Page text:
Highlands 1st May 1780
I hear every Two or Three Days from New York but the Details given me have not been consequential enough to be sent purposely by Express, & no safe casual Opportunity has lately happen’d—I have had a pretty good Account of the Troops that have sail’d from New york, & my Informants assure me they did not exceed two thousand—that the British themselves talk’d only of three, but that it is almost certain two was the Extent—their Destination absolutely Charles Town—Many of the Transports sail’d only with Stores. They tell me also, that the Enemy are elaborately busy in Preparations for Movements of Importance, but that Opinions were various as to their Object—some thought, & many fear’d a total Evacuation of New York & Long Island; while others, & those the most rational, concluded that they were preparing to take Advantage of the Arrival of that Period they had long & impatiently been expecting—the Expiration of the Inlistments of our Troops; from which they were determin’d to benefit by vigorous Exertions—that be however their Intentions what they may, they never were in a State of Preparation to forward for Field Operations as of present—that the Arms & Accoutrements of the Men had been examin’d with a Strictness more than common & Ammunition had been dealt out in the Quantities usual for Action, & the whole ordered to be ready at a Moment’s Warning—that a Party of Dragoons & Infantry had been foraging on Long Island, more than once, with a great Number of Waggons, chiefly in Suffolk County, & had collected a great Deal of Forage—That the 17th Regt was at the [Plains] in Queen’s County, the 47th at Jamaica, & a Detachment of the Guards at King’s Bridge—Four Hessian Regiments between that & the City—The Remains of Robinson’s Corps at Blooming Dale.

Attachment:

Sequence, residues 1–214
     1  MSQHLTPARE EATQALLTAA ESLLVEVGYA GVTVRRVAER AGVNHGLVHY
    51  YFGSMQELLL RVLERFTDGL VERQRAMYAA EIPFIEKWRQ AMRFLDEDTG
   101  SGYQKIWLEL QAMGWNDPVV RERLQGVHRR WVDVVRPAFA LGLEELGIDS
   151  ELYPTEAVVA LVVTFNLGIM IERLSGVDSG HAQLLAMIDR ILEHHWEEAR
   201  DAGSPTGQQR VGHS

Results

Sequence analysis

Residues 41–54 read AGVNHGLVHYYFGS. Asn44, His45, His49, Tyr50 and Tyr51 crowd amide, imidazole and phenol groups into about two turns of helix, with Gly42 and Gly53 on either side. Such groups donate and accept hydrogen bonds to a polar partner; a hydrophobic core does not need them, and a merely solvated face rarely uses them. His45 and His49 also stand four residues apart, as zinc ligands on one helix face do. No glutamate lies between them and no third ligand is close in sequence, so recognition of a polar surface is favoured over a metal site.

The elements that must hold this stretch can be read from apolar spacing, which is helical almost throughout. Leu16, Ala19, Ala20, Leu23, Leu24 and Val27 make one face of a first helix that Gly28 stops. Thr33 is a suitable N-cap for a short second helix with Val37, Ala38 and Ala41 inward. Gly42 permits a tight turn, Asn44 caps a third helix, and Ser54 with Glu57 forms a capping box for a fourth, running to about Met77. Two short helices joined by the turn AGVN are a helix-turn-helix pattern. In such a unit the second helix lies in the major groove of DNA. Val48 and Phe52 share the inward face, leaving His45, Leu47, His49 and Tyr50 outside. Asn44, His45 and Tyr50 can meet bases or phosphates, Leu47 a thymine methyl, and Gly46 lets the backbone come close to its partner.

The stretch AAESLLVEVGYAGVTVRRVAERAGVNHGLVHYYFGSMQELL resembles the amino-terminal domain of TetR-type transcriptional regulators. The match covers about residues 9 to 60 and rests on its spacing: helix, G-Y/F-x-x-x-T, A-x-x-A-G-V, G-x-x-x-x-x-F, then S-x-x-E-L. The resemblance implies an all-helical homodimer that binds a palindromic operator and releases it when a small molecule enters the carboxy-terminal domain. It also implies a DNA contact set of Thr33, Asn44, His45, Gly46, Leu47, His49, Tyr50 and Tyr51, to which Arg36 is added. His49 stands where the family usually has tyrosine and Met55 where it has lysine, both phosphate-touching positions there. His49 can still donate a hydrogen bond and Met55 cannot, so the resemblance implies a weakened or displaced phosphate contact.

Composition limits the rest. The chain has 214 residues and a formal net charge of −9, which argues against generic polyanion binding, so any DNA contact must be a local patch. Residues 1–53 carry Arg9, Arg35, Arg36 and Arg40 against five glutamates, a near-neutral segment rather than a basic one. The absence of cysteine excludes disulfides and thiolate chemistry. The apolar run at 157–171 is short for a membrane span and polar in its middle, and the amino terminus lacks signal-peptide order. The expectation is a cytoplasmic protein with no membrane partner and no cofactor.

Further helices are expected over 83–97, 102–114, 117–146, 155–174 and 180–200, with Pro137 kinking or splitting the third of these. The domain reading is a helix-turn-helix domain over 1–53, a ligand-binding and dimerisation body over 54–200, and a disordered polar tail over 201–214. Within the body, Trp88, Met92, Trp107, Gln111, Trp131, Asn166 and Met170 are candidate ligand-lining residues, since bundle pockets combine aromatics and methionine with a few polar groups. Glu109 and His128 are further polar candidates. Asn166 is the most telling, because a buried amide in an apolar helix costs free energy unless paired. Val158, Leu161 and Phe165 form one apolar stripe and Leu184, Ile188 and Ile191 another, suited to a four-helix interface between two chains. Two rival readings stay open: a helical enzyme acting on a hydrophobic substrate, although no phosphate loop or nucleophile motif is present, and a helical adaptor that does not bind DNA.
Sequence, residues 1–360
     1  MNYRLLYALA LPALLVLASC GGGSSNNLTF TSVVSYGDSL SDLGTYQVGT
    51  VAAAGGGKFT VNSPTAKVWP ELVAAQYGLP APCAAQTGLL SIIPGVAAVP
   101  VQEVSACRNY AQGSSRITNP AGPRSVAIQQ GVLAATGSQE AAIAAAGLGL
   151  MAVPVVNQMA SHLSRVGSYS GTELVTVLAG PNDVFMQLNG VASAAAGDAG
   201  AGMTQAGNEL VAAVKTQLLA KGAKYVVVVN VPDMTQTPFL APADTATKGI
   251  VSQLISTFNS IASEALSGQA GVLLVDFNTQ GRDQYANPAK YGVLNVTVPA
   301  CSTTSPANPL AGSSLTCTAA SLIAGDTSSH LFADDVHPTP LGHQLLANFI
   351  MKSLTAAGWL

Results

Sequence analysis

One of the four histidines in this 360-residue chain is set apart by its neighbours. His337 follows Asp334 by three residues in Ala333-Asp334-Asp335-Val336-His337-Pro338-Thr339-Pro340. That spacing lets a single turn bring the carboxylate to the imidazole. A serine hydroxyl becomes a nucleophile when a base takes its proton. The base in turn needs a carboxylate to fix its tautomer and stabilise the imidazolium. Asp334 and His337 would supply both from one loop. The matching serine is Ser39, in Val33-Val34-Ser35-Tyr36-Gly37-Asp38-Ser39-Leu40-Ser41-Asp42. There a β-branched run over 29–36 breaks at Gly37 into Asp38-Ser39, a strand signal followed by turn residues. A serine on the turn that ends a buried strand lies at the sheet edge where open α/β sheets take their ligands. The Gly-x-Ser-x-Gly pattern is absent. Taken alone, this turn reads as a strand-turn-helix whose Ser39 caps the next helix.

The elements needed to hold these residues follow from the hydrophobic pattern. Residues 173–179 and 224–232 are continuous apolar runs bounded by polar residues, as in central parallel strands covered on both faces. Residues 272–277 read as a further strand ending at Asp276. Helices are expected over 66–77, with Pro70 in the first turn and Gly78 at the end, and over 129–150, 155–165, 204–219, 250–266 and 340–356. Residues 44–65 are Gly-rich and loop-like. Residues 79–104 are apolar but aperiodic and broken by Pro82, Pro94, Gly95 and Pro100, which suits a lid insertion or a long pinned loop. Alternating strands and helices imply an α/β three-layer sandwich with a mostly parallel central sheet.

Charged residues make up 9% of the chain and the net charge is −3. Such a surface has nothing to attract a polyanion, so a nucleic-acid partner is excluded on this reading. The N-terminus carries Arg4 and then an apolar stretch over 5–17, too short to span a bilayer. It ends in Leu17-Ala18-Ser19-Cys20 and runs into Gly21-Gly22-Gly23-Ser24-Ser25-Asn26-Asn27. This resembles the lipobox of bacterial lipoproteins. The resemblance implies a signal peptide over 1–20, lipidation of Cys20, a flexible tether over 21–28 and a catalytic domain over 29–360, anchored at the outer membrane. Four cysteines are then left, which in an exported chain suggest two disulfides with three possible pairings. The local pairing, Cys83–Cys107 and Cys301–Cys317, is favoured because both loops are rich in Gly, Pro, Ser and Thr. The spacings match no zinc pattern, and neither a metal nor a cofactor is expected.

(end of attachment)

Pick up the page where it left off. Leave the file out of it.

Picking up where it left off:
I have had an Eye to the Post on Lloyd’s Neck & had a Man in their Works two Days—He reports them not to be tenable against Cannon, but to be strong against Musketry—that in the out works were two four Pounders, & in the Block House four Swivels—the Commander is Col. Hulets with two hundred Men—He thinks without Cannon it would cost more than it is worth. Genl Tryon is about sailing for England—Two Deserters from Different Corps & by different Routes, report that some Troops are absolutely return’d from the South’ard. How true this is, I know not—some very well affected men upon the Lines sent me Word last Night that a Brother of one of them came out of New York the Morning of the Day before & said, that a Vessel of a very short Passage had arrived from Charles Town, & was currently talk’d in that Place that the Enemy had twice attacked Charles Town & had been twice repuls’d, & that Sir Harry Clinton was certainly to return, & was soon expected—that they believed this News so true they thought it worth sending me an Account of immediately—Another Correspondent upon the Lines writes me that the Tories about him, said the same Thing—it is undoubtedly far from being impossible, but I fear it is too good News to be true.